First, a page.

Look, I'm pro-capitalism. I used to work for Dow Jones and enjoyed it. But if a company can't handle a quarter or two of slow sales, then that company should seriously ponder its business plan. Let's face it, that's what we're looking at - a quarter or two of slow sales, tops. Hell, it's barely two months since planes crashed into the WTC and air travel was about 85% of normal for Thanksgiving. The nation is already recovering economically (although the dot com bomb and recession are different stories).

Instead of allowing people time with their families to heal or reflect and perhaps contribute to the greater good, we're told - GET IN HERE AND SHOP - AMERICA IS OPEN FOR BUSINESS! It has become unpatriotic to not be in debt up to your eyeballs.

I'm not buying it. If the Bush Administration wants to offer some real ways that average citizens can contribute to the anti-terror effort, fine, I'm all ears. Americans would love to offer a meaningful contribution of labors and energies. But if the only contribution government hacks can think of is Max out your credit cards and stand on lots of airport lines for two-hours, I'll pass. If you need me, I'll be puttering around in the garden.

Thursday, November 22, 2001

We went to the beach at 5:30 pm to watch the sun set. Missed it by 10 minutes, but it was still pleasant to walk in the sand and watch old Italian men play bocce ball. Driving home on a two lane road as darkness set in, we noticed a dark car cruising toward us at less than 20 mph. A long line of cars trailed behind. The dark car was flashing a left turn signal but not turning. Its headlights were off. We flashed our brights several times. No response. As we passed, we saw two tiny, grey-haired heads just barely popping up from behind the dash board. They drove on, no tail lights, turn signal still flashing, the line of cars behind them growing.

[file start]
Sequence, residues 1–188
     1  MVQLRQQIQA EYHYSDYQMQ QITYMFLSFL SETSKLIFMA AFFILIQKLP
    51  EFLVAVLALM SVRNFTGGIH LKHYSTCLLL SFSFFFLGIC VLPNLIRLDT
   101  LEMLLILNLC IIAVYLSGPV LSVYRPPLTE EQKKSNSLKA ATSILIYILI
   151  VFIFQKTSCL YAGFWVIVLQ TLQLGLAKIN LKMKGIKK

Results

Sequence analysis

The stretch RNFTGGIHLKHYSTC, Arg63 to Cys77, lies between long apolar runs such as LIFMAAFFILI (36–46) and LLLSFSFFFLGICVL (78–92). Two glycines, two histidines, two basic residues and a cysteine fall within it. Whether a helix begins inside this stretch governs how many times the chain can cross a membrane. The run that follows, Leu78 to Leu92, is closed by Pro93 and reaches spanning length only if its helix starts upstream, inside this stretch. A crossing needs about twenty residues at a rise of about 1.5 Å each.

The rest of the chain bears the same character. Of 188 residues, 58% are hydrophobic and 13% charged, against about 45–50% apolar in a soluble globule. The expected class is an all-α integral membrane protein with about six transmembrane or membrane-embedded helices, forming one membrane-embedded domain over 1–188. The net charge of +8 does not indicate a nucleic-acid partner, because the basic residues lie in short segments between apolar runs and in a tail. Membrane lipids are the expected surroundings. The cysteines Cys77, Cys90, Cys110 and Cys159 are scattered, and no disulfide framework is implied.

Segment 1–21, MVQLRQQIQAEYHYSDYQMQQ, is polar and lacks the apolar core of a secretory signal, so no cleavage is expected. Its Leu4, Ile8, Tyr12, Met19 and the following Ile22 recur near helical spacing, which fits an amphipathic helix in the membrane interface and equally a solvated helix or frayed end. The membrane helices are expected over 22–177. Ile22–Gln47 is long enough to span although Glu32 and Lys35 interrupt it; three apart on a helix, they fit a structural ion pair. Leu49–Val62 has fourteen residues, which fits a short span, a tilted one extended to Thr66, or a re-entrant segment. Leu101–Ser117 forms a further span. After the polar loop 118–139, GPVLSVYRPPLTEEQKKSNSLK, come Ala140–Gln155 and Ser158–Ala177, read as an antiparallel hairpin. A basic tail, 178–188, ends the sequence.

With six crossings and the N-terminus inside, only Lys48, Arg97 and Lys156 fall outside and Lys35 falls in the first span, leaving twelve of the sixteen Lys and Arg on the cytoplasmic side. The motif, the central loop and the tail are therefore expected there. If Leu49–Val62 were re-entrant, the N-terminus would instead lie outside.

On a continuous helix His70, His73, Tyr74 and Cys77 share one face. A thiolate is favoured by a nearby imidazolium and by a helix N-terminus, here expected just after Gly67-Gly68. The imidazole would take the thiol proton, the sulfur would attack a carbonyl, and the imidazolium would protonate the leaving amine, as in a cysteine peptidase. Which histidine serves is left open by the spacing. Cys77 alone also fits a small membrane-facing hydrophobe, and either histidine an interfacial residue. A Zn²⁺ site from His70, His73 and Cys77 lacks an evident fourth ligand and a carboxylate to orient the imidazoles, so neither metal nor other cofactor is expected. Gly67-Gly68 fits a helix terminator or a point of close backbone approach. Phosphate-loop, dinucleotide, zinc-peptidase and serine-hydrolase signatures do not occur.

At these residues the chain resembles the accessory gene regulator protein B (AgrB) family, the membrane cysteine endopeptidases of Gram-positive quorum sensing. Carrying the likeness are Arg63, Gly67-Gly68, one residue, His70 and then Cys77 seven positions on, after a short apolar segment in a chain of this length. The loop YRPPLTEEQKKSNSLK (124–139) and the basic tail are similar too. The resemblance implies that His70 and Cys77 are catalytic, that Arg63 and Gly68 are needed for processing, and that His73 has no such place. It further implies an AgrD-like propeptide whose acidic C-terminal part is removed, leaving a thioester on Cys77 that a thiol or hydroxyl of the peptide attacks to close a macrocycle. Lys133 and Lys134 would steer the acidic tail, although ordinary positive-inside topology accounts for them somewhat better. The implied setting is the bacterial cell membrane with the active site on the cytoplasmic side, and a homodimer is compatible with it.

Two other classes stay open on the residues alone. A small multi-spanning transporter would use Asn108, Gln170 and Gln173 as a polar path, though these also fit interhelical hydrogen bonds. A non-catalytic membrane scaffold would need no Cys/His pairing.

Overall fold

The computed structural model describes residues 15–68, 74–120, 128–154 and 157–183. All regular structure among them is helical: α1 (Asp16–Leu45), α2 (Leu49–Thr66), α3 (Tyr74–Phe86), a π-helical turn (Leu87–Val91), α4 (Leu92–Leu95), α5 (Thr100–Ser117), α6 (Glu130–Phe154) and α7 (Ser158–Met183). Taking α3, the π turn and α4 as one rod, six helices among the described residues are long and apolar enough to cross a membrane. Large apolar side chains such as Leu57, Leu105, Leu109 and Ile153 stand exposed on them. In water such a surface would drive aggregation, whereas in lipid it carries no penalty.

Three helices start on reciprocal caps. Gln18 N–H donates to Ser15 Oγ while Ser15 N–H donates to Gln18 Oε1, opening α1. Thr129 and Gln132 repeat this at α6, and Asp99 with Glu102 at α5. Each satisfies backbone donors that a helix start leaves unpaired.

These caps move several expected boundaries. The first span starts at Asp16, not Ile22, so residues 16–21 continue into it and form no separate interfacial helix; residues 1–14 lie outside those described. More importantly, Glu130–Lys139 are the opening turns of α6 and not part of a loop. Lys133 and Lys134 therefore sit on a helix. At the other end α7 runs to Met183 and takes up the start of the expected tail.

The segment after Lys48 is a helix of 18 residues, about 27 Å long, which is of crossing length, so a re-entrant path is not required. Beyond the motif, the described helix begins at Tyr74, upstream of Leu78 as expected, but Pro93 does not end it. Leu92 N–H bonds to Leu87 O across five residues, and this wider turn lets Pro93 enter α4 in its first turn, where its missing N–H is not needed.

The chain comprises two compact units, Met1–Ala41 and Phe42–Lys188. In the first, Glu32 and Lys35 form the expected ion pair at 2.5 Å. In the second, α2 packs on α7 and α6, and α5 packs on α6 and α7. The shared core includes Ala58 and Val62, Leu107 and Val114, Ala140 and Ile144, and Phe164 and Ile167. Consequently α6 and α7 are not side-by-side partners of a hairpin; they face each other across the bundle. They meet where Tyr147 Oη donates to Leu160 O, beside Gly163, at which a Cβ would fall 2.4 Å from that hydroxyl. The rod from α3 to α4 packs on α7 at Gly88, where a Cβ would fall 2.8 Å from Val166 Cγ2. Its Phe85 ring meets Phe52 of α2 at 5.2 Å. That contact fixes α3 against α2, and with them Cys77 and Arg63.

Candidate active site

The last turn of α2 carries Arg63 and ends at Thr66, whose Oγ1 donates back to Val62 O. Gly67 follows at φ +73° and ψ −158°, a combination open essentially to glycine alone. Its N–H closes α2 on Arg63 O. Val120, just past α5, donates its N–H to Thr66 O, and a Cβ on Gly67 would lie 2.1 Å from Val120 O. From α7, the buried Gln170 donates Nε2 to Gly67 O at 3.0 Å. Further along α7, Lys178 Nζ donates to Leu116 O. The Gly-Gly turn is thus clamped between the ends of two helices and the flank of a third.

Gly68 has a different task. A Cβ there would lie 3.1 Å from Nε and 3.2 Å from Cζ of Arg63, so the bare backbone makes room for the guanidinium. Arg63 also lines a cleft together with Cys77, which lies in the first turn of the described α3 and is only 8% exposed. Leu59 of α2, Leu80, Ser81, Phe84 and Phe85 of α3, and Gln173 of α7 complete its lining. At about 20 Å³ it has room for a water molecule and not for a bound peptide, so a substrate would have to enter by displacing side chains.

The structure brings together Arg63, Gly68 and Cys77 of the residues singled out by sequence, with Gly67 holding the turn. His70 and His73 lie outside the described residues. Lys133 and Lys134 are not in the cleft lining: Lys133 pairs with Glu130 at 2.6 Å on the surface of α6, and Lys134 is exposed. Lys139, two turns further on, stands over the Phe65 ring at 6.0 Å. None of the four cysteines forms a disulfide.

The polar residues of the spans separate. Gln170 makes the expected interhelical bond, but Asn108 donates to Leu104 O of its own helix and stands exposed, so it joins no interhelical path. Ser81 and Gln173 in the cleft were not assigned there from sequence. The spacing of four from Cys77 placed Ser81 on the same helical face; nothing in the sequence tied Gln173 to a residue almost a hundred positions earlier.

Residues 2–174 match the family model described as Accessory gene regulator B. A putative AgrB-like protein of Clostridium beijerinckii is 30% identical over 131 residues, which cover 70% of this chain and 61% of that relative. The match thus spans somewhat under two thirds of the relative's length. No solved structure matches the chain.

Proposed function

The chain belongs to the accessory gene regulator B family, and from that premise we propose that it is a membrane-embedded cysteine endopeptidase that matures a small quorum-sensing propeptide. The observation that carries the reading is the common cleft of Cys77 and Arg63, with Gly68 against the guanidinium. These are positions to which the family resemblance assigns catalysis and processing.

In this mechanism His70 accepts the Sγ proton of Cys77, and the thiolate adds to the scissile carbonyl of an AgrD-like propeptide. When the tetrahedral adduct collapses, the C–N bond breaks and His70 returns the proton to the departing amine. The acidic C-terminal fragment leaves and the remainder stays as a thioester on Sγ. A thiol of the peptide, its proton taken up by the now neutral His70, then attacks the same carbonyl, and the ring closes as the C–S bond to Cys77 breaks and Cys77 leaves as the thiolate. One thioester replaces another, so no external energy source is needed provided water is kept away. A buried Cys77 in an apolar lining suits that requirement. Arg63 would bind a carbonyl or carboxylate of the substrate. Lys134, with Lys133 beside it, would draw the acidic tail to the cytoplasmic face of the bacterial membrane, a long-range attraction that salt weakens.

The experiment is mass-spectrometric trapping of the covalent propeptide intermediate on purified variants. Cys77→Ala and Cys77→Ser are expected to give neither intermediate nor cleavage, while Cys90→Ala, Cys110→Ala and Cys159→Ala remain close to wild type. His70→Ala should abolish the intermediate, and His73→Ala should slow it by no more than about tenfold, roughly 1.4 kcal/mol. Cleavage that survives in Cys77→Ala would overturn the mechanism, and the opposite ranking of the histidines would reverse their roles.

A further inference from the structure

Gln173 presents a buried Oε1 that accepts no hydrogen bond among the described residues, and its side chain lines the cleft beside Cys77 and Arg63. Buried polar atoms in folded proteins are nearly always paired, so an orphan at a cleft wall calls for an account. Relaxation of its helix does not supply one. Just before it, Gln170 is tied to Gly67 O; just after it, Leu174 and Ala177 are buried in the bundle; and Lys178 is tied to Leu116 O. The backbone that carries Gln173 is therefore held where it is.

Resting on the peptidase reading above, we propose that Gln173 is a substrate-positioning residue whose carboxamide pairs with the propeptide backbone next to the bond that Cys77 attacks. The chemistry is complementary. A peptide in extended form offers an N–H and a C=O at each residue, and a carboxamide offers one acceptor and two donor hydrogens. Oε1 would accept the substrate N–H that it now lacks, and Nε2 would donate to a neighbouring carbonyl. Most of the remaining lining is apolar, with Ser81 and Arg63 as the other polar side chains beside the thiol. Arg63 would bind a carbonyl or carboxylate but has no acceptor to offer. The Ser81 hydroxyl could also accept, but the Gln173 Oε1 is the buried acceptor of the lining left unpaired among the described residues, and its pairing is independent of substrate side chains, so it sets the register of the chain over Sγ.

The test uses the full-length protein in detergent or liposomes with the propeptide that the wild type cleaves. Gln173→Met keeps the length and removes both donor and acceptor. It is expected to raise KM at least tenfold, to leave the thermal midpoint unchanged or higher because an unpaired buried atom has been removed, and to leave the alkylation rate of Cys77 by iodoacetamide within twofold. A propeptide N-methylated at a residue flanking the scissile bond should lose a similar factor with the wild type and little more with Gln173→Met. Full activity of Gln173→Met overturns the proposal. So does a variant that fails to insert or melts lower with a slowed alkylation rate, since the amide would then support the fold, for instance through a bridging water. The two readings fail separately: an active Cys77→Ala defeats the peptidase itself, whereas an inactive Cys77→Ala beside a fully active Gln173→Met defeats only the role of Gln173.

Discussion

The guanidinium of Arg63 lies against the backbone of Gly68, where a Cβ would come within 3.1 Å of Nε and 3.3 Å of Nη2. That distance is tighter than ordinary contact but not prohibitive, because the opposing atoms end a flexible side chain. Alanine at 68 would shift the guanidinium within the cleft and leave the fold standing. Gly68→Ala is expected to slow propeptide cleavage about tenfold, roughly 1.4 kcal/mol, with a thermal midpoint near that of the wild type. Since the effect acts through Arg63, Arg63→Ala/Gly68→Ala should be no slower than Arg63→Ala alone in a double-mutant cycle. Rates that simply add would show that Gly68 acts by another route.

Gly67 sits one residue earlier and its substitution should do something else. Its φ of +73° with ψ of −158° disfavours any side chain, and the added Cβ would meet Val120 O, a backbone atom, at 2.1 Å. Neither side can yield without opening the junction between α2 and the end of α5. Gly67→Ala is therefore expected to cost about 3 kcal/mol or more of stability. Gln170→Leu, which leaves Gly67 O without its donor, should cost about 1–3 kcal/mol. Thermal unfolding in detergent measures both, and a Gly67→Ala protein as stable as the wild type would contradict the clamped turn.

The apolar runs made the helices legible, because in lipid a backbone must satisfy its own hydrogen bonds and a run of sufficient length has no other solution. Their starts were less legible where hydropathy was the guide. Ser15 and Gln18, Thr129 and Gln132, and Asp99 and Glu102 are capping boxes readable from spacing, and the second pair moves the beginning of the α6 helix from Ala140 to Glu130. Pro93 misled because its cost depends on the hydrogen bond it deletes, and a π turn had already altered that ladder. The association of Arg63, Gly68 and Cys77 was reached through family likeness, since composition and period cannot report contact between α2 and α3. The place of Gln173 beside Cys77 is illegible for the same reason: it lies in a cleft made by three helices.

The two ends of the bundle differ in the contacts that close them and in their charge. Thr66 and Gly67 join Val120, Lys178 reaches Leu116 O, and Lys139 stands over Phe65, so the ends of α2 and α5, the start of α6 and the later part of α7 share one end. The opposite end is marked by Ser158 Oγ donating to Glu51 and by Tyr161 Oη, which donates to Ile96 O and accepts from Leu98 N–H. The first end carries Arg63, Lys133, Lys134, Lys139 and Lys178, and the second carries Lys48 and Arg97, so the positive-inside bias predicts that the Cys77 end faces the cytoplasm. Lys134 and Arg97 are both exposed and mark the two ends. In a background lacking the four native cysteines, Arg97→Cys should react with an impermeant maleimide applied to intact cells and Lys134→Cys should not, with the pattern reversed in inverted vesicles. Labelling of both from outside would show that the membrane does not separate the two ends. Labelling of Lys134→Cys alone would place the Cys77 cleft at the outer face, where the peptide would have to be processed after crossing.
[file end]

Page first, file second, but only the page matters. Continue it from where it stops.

Tryptophan is the "drug" contained within turkey that makes people sleepy. That's why everyone drifts off for a nap after Thanksgiving dinner. My question - If my Thanksgiving Turkey contains tryotophan and makes me sleepy, why don't I get sleepy after eating a turkey sandwich for lunch? Does lunch meat processing nullify tryptophan? Is it a matter of dosage and freshness?
I guess one of the reasons people write Blogs is a desire to connect. It's like throwing bottles stuffed with messages into the ocean. No matter how hopeless, you dream of a response. I'm pleased to say my blog got it's first response today. A nice person named Rachel sent this email:

I just wanted to let you know how much I'm enjoying readin your blog. It's awesome. Keep up the great work. Rachel

Thanks Rachel. Her email's subject heading was rockin' the suburbs. Cool. From her uninhibited use of the word "awesome" I guess Rachel has spent some time in the 'burbs too. She referred me to her own way cool blog at It revealed that Rachel's family was having turkey at NOON!

Hey, it might be a tradition, but a Noon start for Thanksgiving makes it hard to justify serious drinking, which is often mandatory for enduring family events.